Video Contradicts Claims by Homeland Security

Homeland Security agents said they were in fear for their lives, standing directly in the path of an oncoming vehicle when they opened fire on a man in South Florida last May.

But now a surveillance video has surfaced that shows one agent purposely stepping into the street before opening fire as the vehicle sped past him.

The video also does not show the second agent who also shot at Michael Antonoff, a man they accuse of selling them cocaine in a sting operation.

Nevertheless, the federal agents charged him with felony assault on a law enforcement officer with a deadly weapon, a charge that was dropped by a prosecutor just over a week after the charge was filed, most likely after the prosecutor viewed the video.

However, Antonoff is still facing felony drug, fleeing and eluding and resisting arrest charges at the state level, which could land him in prison for 11 years.

Police say he sold undercover agents a kilo of cocaine, then fled in his vehicle when they moved in to arrest him. Antonoff claims he thought he was being robbed, which is why he fled.

He goes to trial in September after rejecting a plea deal that would have sent him to prison for three years.

Naturally, no charges were filed against the Homeland Security agents who lied in their report, stating the following, according to the Palm Beach Post:

“The SA’s [special agents] were directly in the path of Antonoff’s oncoming vehicle and feared for their lives,” Homeland Security Investigations Special Agent David Jansen wrote in an arrest report. “To avoid being struck by Antonoff’s vehicle, two SA’s discharged their firearms into Antonoff’s vehicle as they attempted to move from Antonoff’s path of travel.”

It is actually quite common for law enforcement officers to claim they were directly in the path of a fleeing vehicle to justify shooting at it, only for autopsy results to determine the driver was shot from the side of from behind or video evidence showing the cop purposely jumping on the hood of the car from the side.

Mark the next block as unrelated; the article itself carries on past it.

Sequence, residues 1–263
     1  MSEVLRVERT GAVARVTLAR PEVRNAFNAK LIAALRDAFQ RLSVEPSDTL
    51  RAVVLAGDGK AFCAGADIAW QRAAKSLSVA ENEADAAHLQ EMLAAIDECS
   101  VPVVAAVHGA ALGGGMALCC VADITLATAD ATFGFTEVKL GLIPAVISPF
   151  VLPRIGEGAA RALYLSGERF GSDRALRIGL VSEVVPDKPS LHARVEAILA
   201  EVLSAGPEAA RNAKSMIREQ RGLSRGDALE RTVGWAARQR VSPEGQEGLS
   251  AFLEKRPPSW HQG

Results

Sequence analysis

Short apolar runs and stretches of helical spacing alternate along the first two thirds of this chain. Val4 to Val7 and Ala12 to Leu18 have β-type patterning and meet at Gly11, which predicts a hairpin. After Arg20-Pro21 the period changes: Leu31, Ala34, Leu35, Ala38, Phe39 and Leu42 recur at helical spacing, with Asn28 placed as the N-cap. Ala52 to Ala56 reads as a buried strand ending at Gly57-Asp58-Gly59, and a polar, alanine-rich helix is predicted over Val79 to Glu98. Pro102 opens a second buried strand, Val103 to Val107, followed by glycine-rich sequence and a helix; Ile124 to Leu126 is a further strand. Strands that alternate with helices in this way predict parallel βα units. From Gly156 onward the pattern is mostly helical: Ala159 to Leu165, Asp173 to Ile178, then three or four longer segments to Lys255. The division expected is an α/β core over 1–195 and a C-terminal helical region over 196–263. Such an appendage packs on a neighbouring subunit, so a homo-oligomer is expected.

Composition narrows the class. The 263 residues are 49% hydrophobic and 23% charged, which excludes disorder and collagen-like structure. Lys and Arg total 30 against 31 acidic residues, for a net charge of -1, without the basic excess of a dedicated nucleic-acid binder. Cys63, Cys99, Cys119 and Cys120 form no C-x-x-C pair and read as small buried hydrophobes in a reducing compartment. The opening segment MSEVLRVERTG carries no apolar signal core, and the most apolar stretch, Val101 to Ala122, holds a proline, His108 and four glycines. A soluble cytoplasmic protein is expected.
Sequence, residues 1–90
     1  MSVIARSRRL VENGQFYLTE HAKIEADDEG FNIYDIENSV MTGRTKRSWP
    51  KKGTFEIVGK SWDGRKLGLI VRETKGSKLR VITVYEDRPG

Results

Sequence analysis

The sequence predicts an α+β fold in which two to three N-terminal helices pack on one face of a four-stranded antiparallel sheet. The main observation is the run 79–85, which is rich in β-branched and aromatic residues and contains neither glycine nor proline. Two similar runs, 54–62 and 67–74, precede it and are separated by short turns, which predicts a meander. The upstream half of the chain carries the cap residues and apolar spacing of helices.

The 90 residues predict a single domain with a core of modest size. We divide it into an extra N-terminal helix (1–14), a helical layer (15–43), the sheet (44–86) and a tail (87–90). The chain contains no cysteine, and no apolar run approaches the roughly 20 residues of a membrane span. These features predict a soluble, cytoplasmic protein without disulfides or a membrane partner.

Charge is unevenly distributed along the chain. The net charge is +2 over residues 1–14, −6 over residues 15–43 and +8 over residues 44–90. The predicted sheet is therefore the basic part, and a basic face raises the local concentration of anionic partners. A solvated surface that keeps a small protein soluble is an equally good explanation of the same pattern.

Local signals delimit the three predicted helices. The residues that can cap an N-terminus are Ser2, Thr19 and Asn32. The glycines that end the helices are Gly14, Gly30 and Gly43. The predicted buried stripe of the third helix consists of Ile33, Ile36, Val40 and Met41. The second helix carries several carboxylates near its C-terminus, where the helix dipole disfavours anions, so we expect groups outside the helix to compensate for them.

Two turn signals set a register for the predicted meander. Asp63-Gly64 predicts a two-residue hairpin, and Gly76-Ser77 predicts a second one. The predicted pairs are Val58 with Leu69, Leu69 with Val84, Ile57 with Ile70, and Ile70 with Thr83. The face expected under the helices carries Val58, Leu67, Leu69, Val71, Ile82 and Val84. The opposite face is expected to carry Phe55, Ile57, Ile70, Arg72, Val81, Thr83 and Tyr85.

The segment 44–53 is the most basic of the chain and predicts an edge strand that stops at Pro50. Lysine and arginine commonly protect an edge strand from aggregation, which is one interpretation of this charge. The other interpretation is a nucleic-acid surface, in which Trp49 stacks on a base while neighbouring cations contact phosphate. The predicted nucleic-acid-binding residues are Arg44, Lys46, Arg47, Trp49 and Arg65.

Claiming that a suspect was barreling towards the officer is almost as standard as the old, reliable “suspect was reaching for his waistband” excuse to justify shooting unarmed people. Or the frequently used “lunging” towards the officer with a household item.

However, the Department of Justice released a report this year listing shooting at moving vehicles as one of nine “specific prohibitions” regarding police and their firearms, unless, of course, the car is a potential threat to themselves or another person or if the occupants of the car are shooting at the officers.

But it does not seem the same federal government issuing these prohibitions is eager to prosecute police who violate these prohibitions.

Antonoff, 27, was struck four times after Homeland Security agents shot at him on May 19 in the parking lot of an El Dorado furniture store.

Had it not been for the video footage, he would still be facing federal charges of trying to assault them with a deadly weapon.

Homeland Security refused to comment about the case when the Palm Beach Post inquired, referring all questions to West Palm Beach police, who said the shooting is still “under investigation.”

But if they lied about that, how can we trust anything else they say about the incident?

Homeland Security agents said they were in fear for their lives, standing directly in the path of an oncoming vehicle when they opened fire on a man in South Florida last May.